Service design sensation Shreya Dhawan


Shreya (center) maps design solutions for Philips during a 2016 SCADpro project.

As a graduate student, Shreya Dhawan (M.F.A., service design, 2018) contributed to two transformational SCADpro projects: Delta Air Lines’ “Envisioning the Future of Air Travel,” and Philips Healthcare’s “Redefining Patient Care Services.” Solving significant challenges for major corporate clients was an experience she achieved before graduation.

“Our students learn how to make sense of complex business systems and design effective solutions to enhance the value at the heart of rendering and using a service,” says service design professor Xenia Viladas.

As Shreya puts it: “To be able to learn what clients are looking for was a valuable experience.”

Shreya Dhawan:

My journey to SCAD began in India. I had earned my bachelor’s degree in industrial and product design, was working for a company called Tata Elxsi, and went to work with a medical startup designing hand sanitizers for the hospital environment. It felt like we were missing something by not talking to the actors in that setting. I wasn’t even sure what that research approach was called. I went online and saw that SCAD offered a degree in service design. I reached out to a student from Delhi named Jagriti Kumar (M.F.A., service design, 2016) and asked about the program. She had only positive things to say: “You should definitely give it a shot!”

Being able to participate in two SCADpro projects was a significant part of my professional development. It’s important to understand the ecosystem of the client. You might be working on a single piece, but how does that piece affect the entire system? Professor Viladas taught us how to see a system as a whole. I learned how to work at a concept level, then zoom out and work at a strategy level. Learning how different concepts tie together in a bigger strategy is fascinating.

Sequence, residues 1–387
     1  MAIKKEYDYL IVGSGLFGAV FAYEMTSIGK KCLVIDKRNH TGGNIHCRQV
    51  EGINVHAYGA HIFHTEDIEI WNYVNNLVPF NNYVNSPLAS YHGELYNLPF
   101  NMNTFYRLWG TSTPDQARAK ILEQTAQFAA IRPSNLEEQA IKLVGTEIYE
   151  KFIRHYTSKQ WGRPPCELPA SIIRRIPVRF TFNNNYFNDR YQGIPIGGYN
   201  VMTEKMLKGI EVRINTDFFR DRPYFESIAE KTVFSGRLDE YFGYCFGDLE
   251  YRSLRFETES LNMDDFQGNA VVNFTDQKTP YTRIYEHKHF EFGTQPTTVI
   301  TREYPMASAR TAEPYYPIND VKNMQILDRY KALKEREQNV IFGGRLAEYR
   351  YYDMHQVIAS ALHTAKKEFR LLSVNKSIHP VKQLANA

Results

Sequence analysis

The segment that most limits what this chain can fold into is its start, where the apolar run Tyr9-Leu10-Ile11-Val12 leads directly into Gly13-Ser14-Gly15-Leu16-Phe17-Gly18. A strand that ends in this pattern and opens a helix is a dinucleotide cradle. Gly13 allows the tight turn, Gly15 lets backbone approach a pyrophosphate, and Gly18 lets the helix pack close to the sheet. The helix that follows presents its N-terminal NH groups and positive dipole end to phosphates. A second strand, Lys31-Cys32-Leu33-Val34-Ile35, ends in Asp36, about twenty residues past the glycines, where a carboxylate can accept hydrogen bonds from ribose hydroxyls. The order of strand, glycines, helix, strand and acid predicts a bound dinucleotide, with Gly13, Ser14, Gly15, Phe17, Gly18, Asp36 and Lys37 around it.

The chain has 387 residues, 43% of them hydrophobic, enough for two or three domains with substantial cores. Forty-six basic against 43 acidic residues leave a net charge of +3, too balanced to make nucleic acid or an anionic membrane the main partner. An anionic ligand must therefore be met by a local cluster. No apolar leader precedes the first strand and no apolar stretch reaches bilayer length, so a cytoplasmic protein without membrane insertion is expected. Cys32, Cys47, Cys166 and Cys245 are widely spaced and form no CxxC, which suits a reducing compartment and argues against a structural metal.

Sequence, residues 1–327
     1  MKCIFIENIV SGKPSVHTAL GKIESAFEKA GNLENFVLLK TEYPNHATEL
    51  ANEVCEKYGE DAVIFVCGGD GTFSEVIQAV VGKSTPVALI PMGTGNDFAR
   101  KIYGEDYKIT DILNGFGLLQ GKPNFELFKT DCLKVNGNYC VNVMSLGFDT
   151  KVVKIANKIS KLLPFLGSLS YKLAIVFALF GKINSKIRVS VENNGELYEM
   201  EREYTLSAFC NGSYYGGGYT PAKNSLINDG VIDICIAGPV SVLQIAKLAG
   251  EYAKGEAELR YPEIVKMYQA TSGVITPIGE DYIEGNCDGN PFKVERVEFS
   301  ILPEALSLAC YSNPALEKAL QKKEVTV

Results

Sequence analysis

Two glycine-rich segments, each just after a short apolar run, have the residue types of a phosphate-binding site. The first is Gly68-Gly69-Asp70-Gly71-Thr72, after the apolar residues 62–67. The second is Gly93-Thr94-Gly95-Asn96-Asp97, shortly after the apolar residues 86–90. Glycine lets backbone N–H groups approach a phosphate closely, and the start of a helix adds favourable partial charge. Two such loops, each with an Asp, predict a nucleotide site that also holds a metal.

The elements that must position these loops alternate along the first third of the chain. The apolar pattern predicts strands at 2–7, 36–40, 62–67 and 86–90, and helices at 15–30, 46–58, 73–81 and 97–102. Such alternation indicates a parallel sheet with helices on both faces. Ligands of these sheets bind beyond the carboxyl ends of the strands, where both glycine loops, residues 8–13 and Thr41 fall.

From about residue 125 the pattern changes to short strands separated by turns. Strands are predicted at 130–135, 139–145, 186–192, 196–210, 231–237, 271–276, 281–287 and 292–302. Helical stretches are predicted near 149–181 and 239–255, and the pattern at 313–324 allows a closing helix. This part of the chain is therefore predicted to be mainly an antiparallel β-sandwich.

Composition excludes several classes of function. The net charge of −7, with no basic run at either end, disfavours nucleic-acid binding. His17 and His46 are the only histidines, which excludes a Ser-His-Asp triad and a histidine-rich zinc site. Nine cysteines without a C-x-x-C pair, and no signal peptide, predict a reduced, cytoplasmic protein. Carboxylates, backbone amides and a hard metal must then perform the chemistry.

I currently live in Atlanta and work as a service designer at Harmonic Design. Our CEO Patrick Quattlebaum co-wrote the book Orchestrating Experiences: Collaborative Design for Complexity (Rosenfeld Media, 2018). Patrick was interested in my SCADpro projects — that meant I already had experience working with clients in real time. He understood how that fit into what Harmonic does.

At Harmonic, we have clients in industries including telecommunications, retail, insurance, and banking. I worked on a project with a major public library system, mapping the digital fluency of different citizens who are coming into the library, so that assistance can be more effectively provided to them, while designing a superior physical space for a better service environment.

There are very few opportunities for a student to be a service design intern and really learn on a real client project. I wanted to push for students to get those opportunities. At Harmonic, I’ve been able to create our internship program. Our first year, 2019, we had a student intern from SCAD, Matias Rey (B.F.A., service design, 2019), who is now a full-time associate service designer at Harmonic. In the third year of our internship program, we received almost 100 applications.

I have seen tremendous growth in people’s understanding of what service designers do. With our client base, it’s about showing our many beneficial skill sets. As we keep evolving our practice of service design, our value proposition increases. We are focused more than ever on figuring out how we are contributing to sustainability, and how can we bring it into our practice, and bring it to our clients. It’s not just an industry trend — it’s important for us as humans.

Written by Peter Relic.



SCAD — The Savannah College of Art and Design

SCAD prepares talented students for creative professions through engaged teaching and learning in a positively oriented university environment.